In fall 2019, the program team was faced with escalating costs and slipping schedules on the first six of 20 MILCON projects. As the reality of missed facility delivery dates set in, decision-makers reassessed what benefits were absolutely required at each phase of the program. A flurry of activity to reassess costs, optimize schedules, mitigate risks, and modify scope led to a realization that while the project teams would continue to pursue completion as close to budget and schedule as possible, a different focus would be required to ensure the wing could realize the benefits of the program.
During the shift in thinking in terms of project to program, a need for program-level management processes was identified. Using a program management approach allowed the wing to manage risk and realize the most important program benefits, despite challenges on individual projects. The focus on benefits delivery, driven by the reality of aircraft arrival dates, emerged out of necessity.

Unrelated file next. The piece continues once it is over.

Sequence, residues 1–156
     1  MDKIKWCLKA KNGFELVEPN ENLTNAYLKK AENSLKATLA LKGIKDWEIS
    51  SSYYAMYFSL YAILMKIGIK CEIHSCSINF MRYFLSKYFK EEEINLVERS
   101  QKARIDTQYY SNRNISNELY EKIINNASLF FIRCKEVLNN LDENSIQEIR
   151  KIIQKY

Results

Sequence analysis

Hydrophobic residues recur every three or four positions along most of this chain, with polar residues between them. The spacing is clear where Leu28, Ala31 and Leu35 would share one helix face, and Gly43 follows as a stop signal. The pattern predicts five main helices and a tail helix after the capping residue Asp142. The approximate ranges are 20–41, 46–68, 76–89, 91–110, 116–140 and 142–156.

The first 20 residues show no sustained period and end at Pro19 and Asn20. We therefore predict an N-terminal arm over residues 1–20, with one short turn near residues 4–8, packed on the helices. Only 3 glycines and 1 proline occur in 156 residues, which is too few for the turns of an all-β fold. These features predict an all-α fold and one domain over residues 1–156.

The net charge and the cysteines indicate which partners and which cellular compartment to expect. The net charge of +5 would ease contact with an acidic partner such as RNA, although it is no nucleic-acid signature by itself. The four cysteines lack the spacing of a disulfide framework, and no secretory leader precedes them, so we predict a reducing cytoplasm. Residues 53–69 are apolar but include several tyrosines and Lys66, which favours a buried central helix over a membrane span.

Though the F-35A program at RAF Lakenheath is still underway, it has already produced valuable insights and lessons learned for successfully planning and executing major infrastructure programs for the Department of Defense. The beddown is proceeding due to strong collaboration between government and industry despite challenges associated with early project development and an initial shortfall in program management capacity and capability.
An effective client-side partnership has been a key element of the program team’s mitigation of these challenges. Together, the government-industry team has recognized the need for program-level management and is combining efforts to specify how it shall be delivered for the duration of the work.
Col. Mike Myers, P.E., PgMP, CCP, M.SAME, USAF (Ret.), is Deputy Base Civil Engineer, RAF Lakenheath; email@example.com.
Lt. Col. Chris Knutson, CEng, P.E., PgMP, F.SAME, USAF (Ret.), is Europe Project Manager, Stanley Consultants; firstname.lastname@example.org.
[This article first published in the May-June 2020 issue of The Military Engineer.]